Tax Uncertainty Hits Homebuilder ETFs

by on November 20, 2009 | ETFs Mentioned:

The U.S. housing market, having been battered and bruised during the recent recession, had staged an impressive recovery in recent months as belief that the market has finally hit bottom seemed to gain support. But new data reveals the true fragility of the housing recovery, and indicates that the potential for a “double dip” in this industry is very real.

Homebuilder ETFs Are Under PressureNew home construction fell sharply in October, as housing starts declined 10.6% compared to the previous month to a seasonally adjusted 529,000. When compared to last October, the results reflect a disastrous 30.6% drop. The steep decline came as a surprise to many analysts who had been anticipating an uptick for the month. The surprise loss shows the true impact that uncertainty over whether Congress would extend the $8,000 tax credit for first-time home buyers beyond its initial November 30 deadline.

Earlier this month, Congress did indeed extend the credit through April of next year (and even expanded the program to include “move-up” buyers as well), giving the homebuilding industry a short-term boost. But the fact that results from October, when the extension of the program was very much in doubt, were so poor indicates that the industry is still very much dependent on government subsidies to get by.

Likely linked to the unimpressive data, builder confidence continues to be severely depressed. The National Association of Home Builders/Wells Fargo Housing Market Index showed that builder confidence in sales remained at 17 for November. Anything above 50 indicates more positive feelings among builders, meaning that there is a long way to go before the industry is on solid ground once again.

ETF Plays On Homebuilders

For investors looking to make a play on the homebuilding sector, there are several ways to do so through ETFs. Unlike mutual funds, ETFs can be sold short, so investors who think a downward correction is imminent have several options as well. For more actionable ETF investment ideas delivered to your inbox, be sure to sign up for out free ETF newsletter.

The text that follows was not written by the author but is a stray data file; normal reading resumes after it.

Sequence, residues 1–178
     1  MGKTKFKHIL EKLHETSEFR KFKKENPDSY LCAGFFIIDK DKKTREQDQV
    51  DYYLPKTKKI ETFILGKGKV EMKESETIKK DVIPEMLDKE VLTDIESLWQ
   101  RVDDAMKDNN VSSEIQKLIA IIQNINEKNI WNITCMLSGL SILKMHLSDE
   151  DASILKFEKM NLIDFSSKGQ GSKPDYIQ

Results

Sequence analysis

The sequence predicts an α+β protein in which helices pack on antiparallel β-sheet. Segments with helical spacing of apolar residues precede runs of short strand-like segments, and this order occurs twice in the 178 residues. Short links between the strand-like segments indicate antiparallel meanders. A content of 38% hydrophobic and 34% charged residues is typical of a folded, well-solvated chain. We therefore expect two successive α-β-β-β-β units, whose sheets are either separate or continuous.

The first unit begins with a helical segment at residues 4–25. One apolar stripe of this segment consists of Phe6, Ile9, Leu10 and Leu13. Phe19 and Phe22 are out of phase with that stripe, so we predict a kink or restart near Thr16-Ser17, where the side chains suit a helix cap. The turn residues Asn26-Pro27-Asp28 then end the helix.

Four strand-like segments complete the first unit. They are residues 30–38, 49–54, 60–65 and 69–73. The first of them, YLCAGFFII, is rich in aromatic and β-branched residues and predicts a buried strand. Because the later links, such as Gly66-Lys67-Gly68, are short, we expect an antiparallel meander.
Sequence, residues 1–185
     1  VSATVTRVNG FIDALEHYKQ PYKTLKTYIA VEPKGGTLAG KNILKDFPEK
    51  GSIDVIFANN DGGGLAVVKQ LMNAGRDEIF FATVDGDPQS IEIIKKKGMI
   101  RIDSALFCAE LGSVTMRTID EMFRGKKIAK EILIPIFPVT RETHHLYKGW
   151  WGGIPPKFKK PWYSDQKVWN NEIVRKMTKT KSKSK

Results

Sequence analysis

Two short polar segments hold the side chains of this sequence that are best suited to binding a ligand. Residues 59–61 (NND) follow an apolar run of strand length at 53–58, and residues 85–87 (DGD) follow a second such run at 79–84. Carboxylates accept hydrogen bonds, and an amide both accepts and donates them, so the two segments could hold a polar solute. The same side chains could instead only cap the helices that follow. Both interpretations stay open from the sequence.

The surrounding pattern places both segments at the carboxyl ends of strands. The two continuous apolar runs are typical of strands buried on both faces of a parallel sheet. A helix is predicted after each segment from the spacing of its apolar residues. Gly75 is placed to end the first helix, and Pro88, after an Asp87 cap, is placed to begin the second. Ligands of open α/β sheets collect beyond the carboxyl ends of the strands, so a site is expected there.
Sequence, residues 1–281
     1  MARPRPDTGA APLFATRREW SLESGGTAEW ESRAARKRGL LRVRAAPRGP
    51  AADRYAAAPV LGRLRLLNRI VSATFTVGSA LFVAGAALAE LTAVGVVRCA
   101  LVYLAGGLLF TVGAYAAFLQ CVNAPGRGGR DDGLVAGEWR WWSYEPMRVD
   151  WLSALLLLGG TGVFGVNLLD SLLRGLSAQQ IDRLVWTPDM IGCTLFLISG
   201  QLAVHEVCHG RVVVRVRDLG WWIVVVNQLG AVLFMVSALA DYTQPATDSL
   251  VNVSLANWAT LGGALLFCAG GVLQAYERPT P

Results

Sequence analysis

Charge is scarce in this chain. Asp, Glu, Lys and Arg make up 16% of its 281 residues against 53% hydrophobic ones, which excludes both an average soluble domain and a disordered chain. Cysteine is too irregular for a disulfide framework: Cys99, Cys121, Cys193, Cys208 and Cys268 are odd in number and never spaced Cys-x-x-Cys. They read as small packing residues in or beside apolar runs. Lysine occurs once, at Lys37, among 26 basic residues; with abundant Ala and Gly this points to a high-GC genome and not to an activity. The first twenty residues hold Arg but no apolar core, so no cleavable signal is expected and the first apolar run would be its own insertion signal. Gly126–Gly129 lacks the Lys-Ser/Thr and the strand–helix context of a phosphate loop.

• SPDR S&P Homebuilders ETF (XHB): This SPDR invests in about 27 stocks, including homebuilders such as NVR, DR Horton, and Pulte Homes. This ETF also has significant allocations to providers of homebuilding supplies, including Home Depot (4.1%), Lowe’s (4.2%), Bed Bath & Beyond (4.2%), and Sherwin Williams (4.2%). XHB is based on an equal-weighted index, meaning that it avoids concentration in a few mega-cap companies.

XHB

  • iShares Dow Jones U.S. Home Construction Index Fund (ITB): There is significant overlap between the holdings of ITB and XHB, although weightings to many stocks included in both funds are materially different. ITB has been relatively volatile, with a beta relative to the S&P 500 of almost 1.8, and comes in with a slightly higher expense ratio (0.48%) compared to XHB (0.35%).

ITB

  • PowerShares Dynamic Building & Construction Portfolio (PKB): This ETF tracks an “Intellidex” benchmark that selects companies for inclusion based on an evaluation of numerous factors, including fundamental growth, stock valuation, and investment timeliness. In addition to homebuilders, PKB also includes stocks of engineering firms such as Fluor, Jacobs, and Michael Baker Corp.

PKB

Disclosure: No positions at time of writing.